GOP Cries Foul As Vermont House Moves Forward With Second Recount In Local Race

Feb 2, 2017

A decision by House lawmakers to conduct a second recount in a close House race in Orange County has drawn condemnation from Republicans in Montpelier and criticism from town clerks across the state.

On Wednesday night, House lawmakers approved a resolution to conduct a recount in a race between Republican Robert Frenier and Progressive Susan Hatch Davis.

Frenier won the first count by eight votes, and prevailed in a recount by seven votes. A superior court judge rejected Davis’ request for a second recount. But South Burlington Rep. Maida Townsend, the Democratic chairwoman of the House Committee on Government Operations, says the House should invoke its constitutional authority to force another ballot count.

“Because the fundamental issue here is accuracy,” Townsend says.

But while Democrats insist the recount will uphold the integrity of the electoral process, House Republicans say it will undermine it.

“This body is now moving into Washington-style politics to resolve something that’s been resolved by the clerks and the elections officials and the courts,” says House Minority Leader Don Turner.

A panel of 23 lawmakers will conduct the recount process. Though 11 Republicans will sit on that panel, Turner says he thinks Democrats will try to manipulate the recount in ways that deliver a positive outcome for Davis — and oust Frenier, who was sworn into the seat in early January.

“That’s my concern. I’m not speaking for the caucus, but that’s my concern,” Turner says. “We want to assure Vermonters that when they go to vote, their vote will be counted, and it won’t matter who’s in the majority of this body to recount them.”

"This recount will set precedence for all close races and essentially make the General Assembly have the overarching authority of all close elections." — Colchester Town Clerk Karen Richard

Townsend says the desire to ensure that all votes will be counted is precisely the reason a recount is warranted.

“Differing conclusions [about the need for another recount] in no way equate to differing integrity,” Townsend says.

Townsend says the “lynchpin” behind the decision to move forward with the second recount was the outcome of a second recount in a separate race from 2016. In that race, between Republican David Ainsworth and Democrat Sarah Buxton, elections officials inspected the ballots visually in the second recount, prior to running them through the tabulator.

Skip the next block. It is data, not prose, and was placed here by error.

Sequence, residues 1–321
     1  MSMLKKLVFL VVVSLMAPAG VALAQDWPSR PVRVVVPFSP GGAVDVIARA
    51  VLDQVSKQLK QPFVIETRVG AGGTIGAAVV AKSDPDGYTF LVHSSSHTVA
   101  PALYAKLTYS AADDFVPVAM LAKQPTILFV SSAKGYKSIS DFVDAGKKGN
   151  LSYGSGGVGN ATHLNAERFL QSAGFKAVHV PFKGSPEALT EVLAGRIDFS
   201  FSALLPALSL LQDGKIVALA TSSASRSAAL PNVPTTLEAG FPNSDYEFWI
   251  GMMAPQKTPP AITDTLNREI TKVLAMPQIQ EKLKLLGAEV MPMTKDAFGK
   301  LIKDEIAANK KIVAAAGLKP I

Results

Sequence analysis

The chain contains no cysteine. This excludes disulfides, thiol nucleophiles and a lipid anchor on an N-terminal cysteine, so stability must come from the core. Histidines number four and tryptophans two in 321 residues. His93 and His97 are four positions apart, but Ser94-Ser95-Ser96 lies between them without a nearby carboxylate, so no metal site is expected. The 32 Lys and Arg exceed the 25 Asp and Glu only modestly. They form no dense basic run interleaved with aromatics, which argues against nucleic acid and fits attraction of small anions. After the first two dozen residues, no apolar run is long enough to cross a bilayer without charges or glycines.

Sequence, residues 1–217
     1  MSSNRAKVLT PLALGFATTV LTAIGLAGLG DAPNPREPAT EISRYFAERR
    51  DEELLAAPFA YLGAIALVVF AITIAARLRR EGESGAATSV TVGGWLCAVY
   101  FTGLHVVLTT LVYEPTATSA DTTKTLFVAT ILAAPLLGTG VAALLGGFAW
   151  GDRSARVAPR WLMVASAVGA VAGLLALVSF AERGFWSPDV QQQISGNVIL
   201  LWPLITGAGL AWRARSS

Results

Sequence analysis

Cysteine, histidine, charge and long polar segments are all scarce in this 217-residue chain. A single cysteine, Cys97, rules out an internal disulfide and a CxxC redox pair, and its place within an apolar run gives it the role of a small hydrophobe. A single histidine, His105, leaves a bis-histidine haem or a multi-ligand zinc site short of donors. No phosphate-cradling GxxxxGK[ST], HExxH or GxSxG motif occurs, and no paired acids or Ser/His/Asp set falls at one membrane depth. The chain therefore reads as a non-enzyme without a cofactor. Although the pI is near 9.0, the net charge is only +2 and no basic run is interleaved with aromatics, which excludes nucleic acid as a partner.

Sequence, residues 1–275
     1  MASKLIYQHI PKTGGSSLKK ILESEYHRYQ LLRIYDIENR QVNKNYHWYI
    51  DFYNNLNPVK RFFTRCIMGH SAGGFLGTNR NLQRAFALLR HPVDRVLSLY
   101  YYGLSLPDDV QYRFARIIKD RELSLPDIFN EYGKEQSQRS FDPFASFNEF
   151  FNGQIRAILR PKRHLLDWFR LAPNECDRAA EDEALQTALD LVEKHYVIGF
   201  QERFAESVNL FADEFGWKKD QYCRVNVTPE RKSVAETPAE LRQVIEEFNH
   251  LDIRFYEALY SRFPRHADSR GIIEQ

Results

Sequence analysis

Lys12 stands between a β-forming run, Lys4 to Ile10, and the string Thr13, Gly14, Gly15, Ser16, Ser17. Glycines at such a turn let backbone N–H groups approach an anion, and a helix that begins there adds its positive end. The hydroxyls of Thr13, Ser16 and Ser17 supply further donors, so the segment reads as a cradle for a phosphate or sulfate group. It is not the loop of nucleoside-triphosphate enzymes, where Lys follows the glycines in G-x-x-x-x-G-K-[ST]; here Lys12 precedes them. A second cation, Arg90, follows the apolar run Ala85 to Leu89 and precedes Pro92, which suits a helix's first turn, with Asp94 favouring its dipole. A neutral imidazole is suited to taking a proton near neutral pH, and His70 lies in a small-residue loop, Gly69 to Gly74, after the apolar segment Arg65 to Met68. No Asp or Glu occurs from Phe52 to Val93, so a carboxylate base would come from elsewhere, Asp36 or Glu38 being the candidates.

“The key insight from the second machine recount in that race was that there are some types of markings – incomplete markings, smudgings and the like – markings which the machines simply do not read as votes,” Townsend says. “It was not predicted, nor was it expected, but the process they used in the final recount found eight votes that had been missed in the first machine count.”

The recount resulted in a victory for Ainsworth, the Republican.

“It was this adjusted process which gave all concerned confidence in the accuracy of the count,” Townsend says. “We want to ensure that same level of advocacy, that same level of confidence.”

Republican lawmakers reject Townsend’s argument, and say final authority over elections should rest with local town clerks and the courts, not a political body in the Legislature. Barre Town Rep. Robert LaClair, a Republican, says the clerks from the six towns in the Orange county district in question conducted a unimpeachable recount the first time around.

“These town clerks, there’s six of them, they have over 65 years of combined experience being town clerks,” LaClair says. “And we’ve got [lawmakers] who are going to take a crash course and learn to be an election official in 65 minutes? I don’t think that’s the right way to go.”

Town clerks have also registered concern.

In a statement this week on behalf of the Vermont Municipal Clerks’ and Treasurers’ Association, Karen Richard, the town clerk in Colchester, said that “there were no gross discrepancies and no procedural errors that affected the results of the election.”

She said the decision by lawmakers to take the recount into their own hands “will cast doubt on the integrity of elections in the future.”

“This recount will set precedence for all close races and essentially make the General Assembly have the overarching authority of all close elections,” Richard said.